From a very young age, we have been taught that red and blue make purple, just as yellow and blue mix to make green, and red and yellow make orange. However, how many times have you mixed a red and blue and the result is not purple or it is a yucky purple? You discovered that red and blue don’t make purple.
During my years of teaching color, I often hear painters complain about the difficulty in mixing a nice, clean and bright purple. They then go out and purchase tubes of purple paint and still they are not completely satisfied. It’s frustrating.
As a creative who loves the color purple, I overcame this frustration many years ago when I learned about the color bias that nearly every primary tube of paint carries. In other words, I taught myself to see the additional color or ‘color bias’ that primary tubes of paint carry. The definition and explanation of color bias is reviewed in my blog: Stop Using Warm & Cool Colors!
Red and blue DO make purple. The key is using a tube of red and a tube of blue that will produce that hue of purple you are wanting to use in your painting.
Typical tubes of red are: permanent rose, magenta, thalo red, cadmium red, cadmium red light, alizarin crimson hue, quinacridone magenta, naphthol red medium, pyrrole crimson, scarlet, pyrrole, red, vermillion, etc. (This is not an exhaustive list.)
Typical tubes of blue are: phthalo blue (red and green shades), cerulean blue, cobalt blue, Prussian blue, ultramarine blue, permanent blue, Antwerp blue, turquoise, manganese, etc. (This is not an exhaustive list.)
That is a lot of tubes of red and blue no matter which medium you are working in. …And the paint manufacturers keep creating more for us!
Note: In acrylics, watercolor and oils, the names of red and blue tubes may vary. However the variety of reds and blues is vast in each medium.
Which red and blue from the above makes a lovely purple? It can be overwhelming trying to choose. (Each swatch of color in the above chart is from different tubes of paint representing several brands.)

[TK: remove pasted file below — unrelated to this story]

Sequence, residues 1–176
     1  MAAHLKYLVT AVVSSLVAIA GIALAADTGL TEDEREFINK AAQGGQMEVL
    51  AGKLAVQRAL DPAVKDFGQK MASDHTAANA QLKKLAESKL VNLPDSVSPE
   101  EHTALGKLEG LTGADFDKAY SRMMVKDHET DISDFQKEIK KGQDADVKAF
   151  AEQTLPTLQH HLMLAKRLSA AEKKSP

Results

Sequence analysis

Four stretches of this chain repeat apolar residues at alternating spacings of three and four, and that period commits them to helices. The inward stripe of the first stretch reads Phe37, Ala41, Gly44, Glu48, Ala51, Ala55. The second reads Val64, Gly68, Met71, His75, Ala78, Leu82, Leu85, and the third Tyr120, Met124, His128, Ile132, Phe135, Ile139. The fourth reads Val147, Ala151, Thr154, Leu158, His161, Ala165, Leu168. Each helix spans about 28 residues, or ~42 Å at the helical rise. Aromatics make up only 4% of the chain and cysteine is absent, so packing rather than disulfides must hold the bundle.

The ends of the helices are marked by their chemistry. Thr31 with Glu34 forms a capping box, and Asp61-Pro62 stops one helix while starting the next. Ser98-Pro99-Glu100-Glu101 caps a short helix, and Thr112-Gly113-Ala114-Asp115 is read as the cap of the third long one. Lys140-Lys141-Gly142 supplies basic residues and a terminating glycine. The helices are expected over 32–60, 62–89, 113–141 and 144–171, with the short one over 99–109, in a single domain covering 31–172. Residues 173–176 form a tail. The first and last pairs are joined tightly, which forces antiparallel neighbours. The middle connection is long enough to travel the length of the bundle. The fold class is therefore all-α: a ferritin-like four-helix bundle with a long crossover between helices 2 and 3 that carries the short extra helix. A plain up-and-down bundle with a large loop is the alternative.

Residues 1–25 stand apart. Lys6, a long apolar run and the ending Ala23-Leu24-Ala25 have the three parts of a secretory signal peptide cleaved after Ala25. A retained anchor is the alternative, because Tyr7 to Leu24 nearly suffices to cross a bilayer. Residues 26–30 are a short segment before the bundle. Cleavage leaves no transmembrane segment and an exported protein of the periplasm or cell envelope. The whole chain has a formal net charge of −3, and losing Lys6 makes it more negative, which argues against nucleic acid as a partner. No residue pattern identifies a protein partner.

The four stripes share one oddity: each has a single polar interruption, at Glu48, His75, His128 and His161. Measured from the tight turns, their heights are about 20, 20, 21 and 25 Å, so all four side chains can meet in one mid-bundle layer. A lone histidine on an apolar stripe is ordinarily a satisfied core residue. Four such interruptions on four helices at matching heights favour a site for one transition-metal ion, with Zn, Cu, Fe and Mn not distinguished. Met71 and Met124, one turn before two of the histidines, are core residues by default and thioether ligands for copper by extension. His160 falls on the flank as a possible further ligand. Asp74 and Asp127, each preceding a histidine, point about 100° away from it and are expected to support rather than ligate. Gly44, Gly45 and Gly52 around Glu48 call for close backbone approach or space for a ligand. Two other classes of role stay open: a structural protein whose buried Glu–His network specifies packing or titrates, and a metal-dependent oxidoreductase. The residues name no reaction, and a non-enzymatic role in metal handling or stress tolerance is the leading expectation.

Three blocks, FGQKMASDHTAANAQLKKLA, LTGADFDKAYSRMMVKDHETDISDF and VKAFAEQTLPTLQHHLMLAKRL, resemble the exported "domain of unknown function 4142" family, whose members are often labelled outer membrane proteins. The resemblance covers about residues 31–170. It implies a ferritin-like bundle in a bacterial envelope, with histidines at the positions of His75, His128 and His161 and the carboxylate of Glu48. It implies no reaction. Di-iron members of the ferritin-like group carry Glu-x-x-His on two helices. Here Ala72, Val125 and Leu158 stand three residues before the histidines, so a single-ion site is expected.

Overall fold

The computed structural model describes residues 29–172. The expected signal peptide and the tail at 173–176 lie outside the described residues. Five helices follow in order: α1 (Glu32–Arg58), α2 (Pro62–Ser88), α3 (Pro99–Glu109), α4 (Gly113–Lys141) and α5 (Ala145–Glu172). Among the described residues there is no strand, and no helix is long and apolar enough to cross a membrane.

Red and Blue Don’t Make Purple …Why?
Why? Because artists try to use tubes of red and blue that contain yellow! We know that yellow is the color complement of purple and when they are mixed they de-saturate each other. In other words, when you mix a little yellow with purple it becomes dull or looses its saturation. The color chart below shows the mixtures that result from mixing various yellows and purples. You can see how the combination creates either a brown or gray/black.
The other factor that makes mixing purple difficult, is that many painters use a standard or typical palette of colors that does not allow them to make purple. Many color palettes are made up of the following colors: cadmium red, alizarin crimson, cadmium yellow medium (or new gamboge or Indian yellow), hansa yellow light (or cadmium pale or lemon yellow) and ultramarine blue, cobalt blue and curelean blue. Then they add optional earth colors along with white (acrylics and oil painters) and black (or neutral tint) to fill out your color palette of paint.
Red and blue don’t make purple with a color palette such as the one outlined above. To mix a clean purple, you must have a tube of red that carries a strong color bias of blue and does NOT carry any yellow. For example, the cadmium reds carry a color bias of yellow. Hence they will never mix a bright purple no matter which blue you use. Here I have mixed cadmium red with ultramarine blue. The result is a purple-black or gray.
Alizarin crimson, a popular color, carries a color bias of blue but it is a dull or de-saturated red. You can achieve a mixture that is somewhat purple using alizarin crimson, but it will never be a clean and bright purple. This is one of the reasons I do not like alizarin (permanent or otherwise) as explained in my blog: Could You Toss Your Alizarin Crimson?
You can see from the color mixture and swatch below, that alizarin and ultramarine do not make a bright purple. I added a little white at the bottom of the swatch so that you can see that it does make a grey-purple.
When I was working in watercolors, my secret to mixing purple was having permanent rose on my palette. I like that color for many other reasons. Hence, it was my favorite blue-red. Currently my blue-red tubes of paint, no matter my medium, are: permanent rose, quinacridone magenta or primary magenta. Below I mixed permanent rose and ultramarine blue to get a nice purple.
As you have been reading this article, you have noticed that the blue I am using is ultramarine blue. Why? Because it is a blue that has a color bias of red. There is no yellow or green in it. For fun, try mixing a cadmium red with phthalo or Prussian blue and see what happens. It certainly won’t be a purple because each of those blues and the red have yellow in them. Once again, red and blue don’t make purple.
Now for a bit of a twist. If you are up for experimenting, try your permanent rose (your nice clean blue-red) with one of your green-blues, such as cerulean blue and see what happens. I have provided an example below.
How do you like this purple? It’s slightly grey but it still carries a purple hue. There is a little bit of white added at the bottom of the swatch. I encourage you to create a chart playing with your reds and blues.
Let me know which red and blue mixtures you have experimented with and which you prefer. Enjoy the discovery process!
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